Kingdom Hearts III Ultimania, the official companion book for Kingdom Hearts III has released in Japan, and translations from the book's interviews are starting to appear online. In addition to all of the Kingdom Hearts III mysteries expanded on, a full interview from the book has appeared – with a programmer who worked on Kingdom Hearts III, Kengo Naka.
This interview is one of many from Kingdom Hearts III Ultimania and has been translated by @lunesacree. With a big thanks to them, you can read this interview below!
DISCLAIMER: This is only a tentative translation and should not be relied on for any concrete information. It is possible that there are mistakes. I tried hard to be as clear as I could just in case.
Previously worked on: KH1, KH1FM, KH2, KH2FM, KH 2.8, Chocobo Racing, The Last Remnant, Bloodmasque
Q: What kind of work were you responsible for?
A: I can't really say I strongly focused on any one particular field, but I was in charge of things like post-processing (for example, calculating the swing of a chain or the placement of the "skeleton" (in the 3D model rigging process) on polygon models), the system that controls the progression of cutscenes, managing enemy appearances, and processing/dealing with save data.
Q: Of your work, what did you fuss over most?
A: It's not something that players can directly feel, but to improve efficiency and be able to create a better game, the structure of loading of the texture data and management of enemy appearances was redone many times.
Q: Was it difficult (laborious) to work on the PS4 version, Xbox One version, and also the international version all at the same time?
A: As far as the sections I was responsible for, there weren't many adjustments that needed to be made between the different models (machines), but separate checks needed to be made on the execution (of movement) that were very time-consuming, which was tough. In the case of the international version, switching out the dubbing went fairly quickly, so I don't remember having any particular trouble in terms of the program (itself).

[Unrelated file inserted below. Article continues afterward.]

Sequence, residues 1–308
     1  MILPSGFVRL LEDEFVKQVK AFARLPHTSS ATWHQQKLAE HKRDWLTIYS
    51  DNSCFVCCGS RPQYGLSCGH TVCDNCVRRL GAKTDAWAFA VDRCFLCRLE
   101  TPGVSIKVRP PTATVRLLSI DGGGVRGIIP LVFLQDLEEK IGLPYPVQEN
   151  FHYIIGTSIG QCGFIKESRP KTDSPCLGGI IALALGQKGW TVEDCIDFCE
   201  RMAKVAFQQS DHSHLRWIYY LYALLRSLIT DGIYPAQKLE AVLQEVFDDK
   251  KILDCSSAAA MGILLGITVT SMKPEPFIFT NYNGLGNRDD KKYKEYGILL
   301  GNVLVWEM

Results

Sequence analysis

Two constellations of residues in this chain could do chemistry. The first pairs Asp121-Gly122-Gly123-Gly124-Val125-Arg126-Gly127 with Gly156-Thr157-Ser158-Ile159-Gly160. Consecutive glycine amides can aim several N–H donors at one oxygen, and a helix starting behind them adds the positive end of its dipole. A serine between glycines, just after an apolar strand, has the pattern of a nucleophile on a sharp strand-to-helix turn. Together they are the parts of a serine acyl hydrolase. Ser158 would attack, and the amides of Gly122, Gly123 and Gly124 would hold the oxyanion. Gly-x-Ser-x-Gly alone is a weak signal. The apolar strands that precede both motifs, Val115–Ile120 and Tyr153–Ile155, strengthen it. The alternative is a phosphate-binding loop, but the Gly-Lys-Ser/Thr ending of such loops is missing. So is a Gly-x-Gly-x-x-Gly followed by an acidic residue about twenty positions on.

Q: Please tell us something about the development process that you won't forget.
A: After I joined the development team, out of all the programmers, I was the only one for whom the workplace was far away. All around my seat were people who had nothing to do with me, so I remember thinking "what should I do?". Additionally, during the final stages of development, the configuration of the animation data compression had to be changed, and when the editor (in charge) started it up, it took an immensely long time, so I was told that you could hear cries of anguish and roars of anger echoing from the team members. I'm sorry, but I wish that the size of the data had been smaller.
BONUS! "A secret about the game only you know"
During production, I accidentally saw a horrifying image. The framework of the character models acted up and created a scary image (like a horror movie) that we absolutely couldn't display to the public. Of course, during the debugging period we fixed this.